If the total power drawn by these individual devices exceeds the maximum load that the circuit can handle, relocate some of devices to another circuit to free up some load.

After relocating devices, keep the fridge unplugged for some time before switching it on again.

2.     The electrical socket and power cord

If the above-mentioned process does not work, unplug the appliance and check the electrical socket and the power cord for any damage. An electrician can replace any damaged cords or wires.

Why does your fridge freezer blow bulbs?

The other part of your fridge that can blow is the bulb. The bulb can blow for several reasons, not least of which is faulty bulbs. Cheap bulbs don’t last as long as more expensive bulbs which are better quality. The elements in cheap bulbs are very thin, so any surge in power can make them blow. Even in the world of fridge freezer bulbs, you get what you pay for, so try to buy the best quality you can afford.

If the bulb wattage isn’t the type specified by fridge-freezer manufacturer for your model it could overload the electrical socket and blow the bulb. Always use the bulb specified in the owner’s manual and make note of the wattage.

Another possible cause may be found in the light socket. It may be that there’s an electrical short in the socket itself. The repair for this isn’t DIY as it requires expertise. It’s far better to contact an appliance repair specialist rather than trying to give it a go yourself. This is especially important if your fridge-freezer is still under warranty, since tampering with faulty parts could result in your warranty being voided.

If you need to replace the bulb, the first thing you need to do is switch off the power. Your owner’s manual should contain complete instructions on how to replace the bulb. Once you’ve replaced the bulb according to the instruction manual don’t forget to switch the power back on!

Please remember:

Appliances should be serviced regularly according to the manufacturer’s instructions found in the product manual. If you have a problem with an appliance, call an NICEIC or Gas-Safe registered appliance engineer to repair your appliance. Don’t forget that if your appliance is not working optimally, you should also have it serviced to prevent causing damage to the appliance.

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Posted by Surewise in Appliance Insurance Articles

Discover 10 Reasons Why Your Oven is Overheating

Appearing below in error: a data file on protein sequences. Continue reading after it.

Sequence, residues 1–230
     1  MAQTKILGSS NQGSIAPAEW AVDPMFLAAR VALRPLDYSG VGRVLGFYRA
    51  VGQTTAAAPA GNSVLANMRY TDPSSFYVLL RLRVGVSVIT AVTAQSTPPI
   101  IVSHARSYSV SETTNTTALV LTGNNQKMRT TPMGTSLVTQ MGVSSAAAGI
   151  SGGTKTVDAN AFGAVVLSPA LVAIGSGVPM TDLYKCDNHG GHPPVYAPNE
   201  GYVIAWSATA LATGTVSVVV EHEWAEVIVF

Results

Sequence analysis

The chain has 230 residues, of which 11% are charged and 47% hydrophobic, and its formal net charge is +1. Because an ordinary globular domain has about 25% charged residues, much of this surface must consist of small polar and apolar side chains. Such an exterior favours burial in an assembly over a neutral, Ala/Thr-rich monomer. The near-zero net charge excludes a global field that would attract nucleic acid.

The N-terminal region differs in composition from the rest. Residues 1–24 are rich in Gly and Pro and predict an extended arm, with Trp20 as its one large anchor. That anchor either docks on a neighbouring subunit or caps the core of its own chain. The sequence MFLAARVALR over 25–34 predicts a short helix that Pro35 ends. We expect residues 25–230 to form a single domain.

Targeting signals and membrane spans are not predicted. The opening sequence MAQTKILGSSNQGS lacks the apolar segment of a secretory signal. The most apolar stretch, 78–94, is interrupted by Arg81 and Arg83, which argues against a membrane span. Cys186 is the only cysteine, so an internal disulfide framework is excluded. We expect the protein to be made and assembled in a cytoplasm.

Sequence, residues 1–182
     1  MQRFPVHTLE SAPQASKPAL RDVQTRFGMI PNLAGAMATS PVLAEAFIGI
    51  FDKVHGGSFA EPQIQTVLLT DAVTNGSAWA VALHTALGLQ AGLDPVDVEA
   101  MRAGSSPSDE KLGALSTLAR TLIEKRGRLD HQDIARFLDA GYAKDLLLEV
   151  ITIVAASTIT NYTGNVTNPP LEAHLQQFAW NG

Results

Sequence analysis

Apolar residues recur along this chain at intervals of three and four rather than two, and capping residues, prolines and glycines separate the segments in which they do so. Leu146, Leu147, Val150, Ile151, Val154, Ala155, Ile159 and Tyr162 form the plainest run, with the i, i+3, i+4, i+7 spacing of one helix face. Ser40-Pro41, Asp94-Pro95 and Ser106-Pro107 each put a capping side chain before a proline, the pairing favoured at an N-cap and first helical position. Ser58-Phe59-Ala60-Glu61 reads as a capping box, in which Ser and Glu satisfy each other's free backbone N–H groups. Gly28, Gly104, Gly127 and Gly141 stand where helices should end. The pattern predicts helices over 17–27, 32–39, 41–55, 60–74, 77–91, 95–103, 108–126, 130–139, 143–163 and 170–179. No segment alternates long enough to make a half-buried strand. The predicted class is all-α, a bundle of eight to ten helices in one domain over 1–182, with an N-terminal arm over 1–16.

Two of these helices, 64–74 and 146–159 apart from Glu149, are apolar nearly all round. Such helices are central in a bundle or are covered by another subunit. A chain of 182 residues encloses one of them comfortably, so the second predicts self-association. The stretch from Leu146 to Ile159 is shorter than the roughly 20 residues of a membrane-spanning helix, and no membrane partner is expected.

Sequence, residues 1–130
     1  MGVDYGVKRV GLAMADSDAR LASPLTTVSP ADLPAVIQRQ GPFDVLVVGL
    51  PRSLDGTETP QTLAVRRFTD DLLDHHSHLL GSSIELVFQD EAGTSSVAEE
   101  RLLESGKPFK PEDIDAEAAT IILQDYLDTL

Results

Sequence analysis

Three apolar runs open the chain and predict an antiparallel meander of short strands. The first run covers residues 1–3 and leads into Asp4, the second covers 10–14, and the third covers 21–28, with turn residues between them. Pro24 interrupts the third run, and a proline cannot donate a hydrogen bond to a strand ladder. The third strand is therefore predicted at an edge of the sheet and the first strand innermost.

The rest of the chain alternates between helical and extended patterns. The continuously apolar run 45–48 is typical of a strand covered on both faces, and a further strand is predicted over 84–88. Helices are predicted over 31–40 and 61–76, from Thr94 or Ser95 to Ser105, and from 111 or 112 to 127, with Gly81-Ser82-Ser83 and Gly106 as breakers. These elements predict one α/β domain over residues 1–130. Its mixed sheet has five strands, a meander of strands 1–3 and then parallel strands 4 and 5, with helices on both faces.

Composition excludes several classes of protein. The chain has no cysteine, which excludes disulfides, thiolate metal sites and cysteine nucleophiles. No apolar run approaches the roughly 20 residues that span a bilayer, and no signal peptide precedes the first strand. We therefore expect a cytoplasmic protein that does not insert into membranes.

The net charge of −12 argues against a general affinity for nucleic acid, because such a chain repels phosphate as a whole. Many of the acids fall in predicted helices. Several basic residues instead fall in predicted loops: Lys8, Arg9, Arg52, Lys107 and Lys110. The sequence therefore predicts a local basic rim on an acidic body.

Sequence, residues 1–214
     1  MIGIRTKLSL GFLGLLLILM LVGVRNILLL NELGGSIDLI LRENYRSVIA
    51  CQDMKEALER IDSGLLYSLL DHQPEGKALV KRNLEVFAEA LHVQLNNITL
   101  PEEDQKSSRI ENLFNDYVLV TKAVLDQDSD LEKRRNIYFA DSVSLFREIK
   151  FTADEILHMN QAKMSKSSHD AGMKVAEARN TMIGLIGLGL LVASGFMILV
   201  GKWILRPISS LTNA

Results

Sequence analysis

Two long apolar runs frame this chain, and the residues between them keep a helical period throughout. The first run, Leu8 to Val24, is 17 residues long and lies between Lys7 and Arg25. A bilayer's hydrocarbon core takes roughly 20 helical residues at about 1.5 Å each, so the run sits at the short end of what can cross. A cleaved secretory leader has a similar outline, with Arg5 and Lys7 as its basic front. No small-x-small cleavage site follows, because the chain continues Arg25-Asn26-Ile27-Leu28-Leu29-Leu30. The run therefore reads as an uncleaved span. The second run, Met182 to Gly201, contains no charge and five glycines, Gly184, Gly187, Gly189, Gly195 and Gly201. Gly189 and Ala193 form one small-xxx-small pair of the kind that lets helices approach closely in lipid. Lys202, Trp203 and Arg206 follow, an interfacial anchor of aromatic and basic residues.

Discover 10 Reasons Why Your Oven is Overheating

Most ovens have traditional thermostats that control the temperature of the oven.  If your oven is overheating on the outside and burning food, the most probable explanation is a faulty thermostat.

However, there are a few other possible causes why your oven is overheating.

Let’s take a look at 10 of the most common reasons for the problem.

  1. Thermostat knob:  A faulty thermostat knob will result in an inaccurate temperature setting in the oven.  The knob should be securely attached. A technician can also recalibrate the knob.
  2. Thermostat-sensing bulb: Conventional ovens have a thermostat-sensing bulb usually at back left side or the rear. If the bulb has come loose from the holder or is damaged, the thermostat will malfunction and overheat the oven.
  3. Grime: Sometimes the thermostat can malfunction because it is covered with food and grime. Removing the thermostat and cleaning it may just solve the overheating problem.
  4. Oven-vent: Blockages in the oven vent is another common problem.
  5. Control panel: Some ovens have an electronic control panel. A power outage can cause a glitch in the control panel. To resolve this, an engineer can reset the circuit breaker and unplug the oven for a few minutes before turning it on again.
  6. Thermostat: Test the temperature of the oven using a heat resistant oven thermometer. If the oven temperature is higher than the level set, then most likely the thermostat needs replacement.
  7. Heating elements: The oven can also overheat if there is a malfunction with it’s heating element. The technician will check for any damage to the element or if the element has come loose.  The outer casing of the element could hide damage to the element.
  8. Temperature sensor: Electrical ovens have a temperature sensor that ensures that the oven functions at the correct temperature. This is a long thin tube like part located usually in the top rear of the oven. A problem with the sensor can cause the oven to overheat.
  9. Selector switch: The selector switch in the oven acts as a communication device between the thermostat and the heating elements. It receives the temperature signal from the thermostat and regulates the heating elements. If the selector switch has a short, it may signal a lower than actual temperature, causing the heating elements to overheat the oven.
  10. Oven fan: If the oven fan is not working at the correct speed, the oven will overheat. To know more, read our ‘Oven Fan not Working Troubleshooting Guide ’.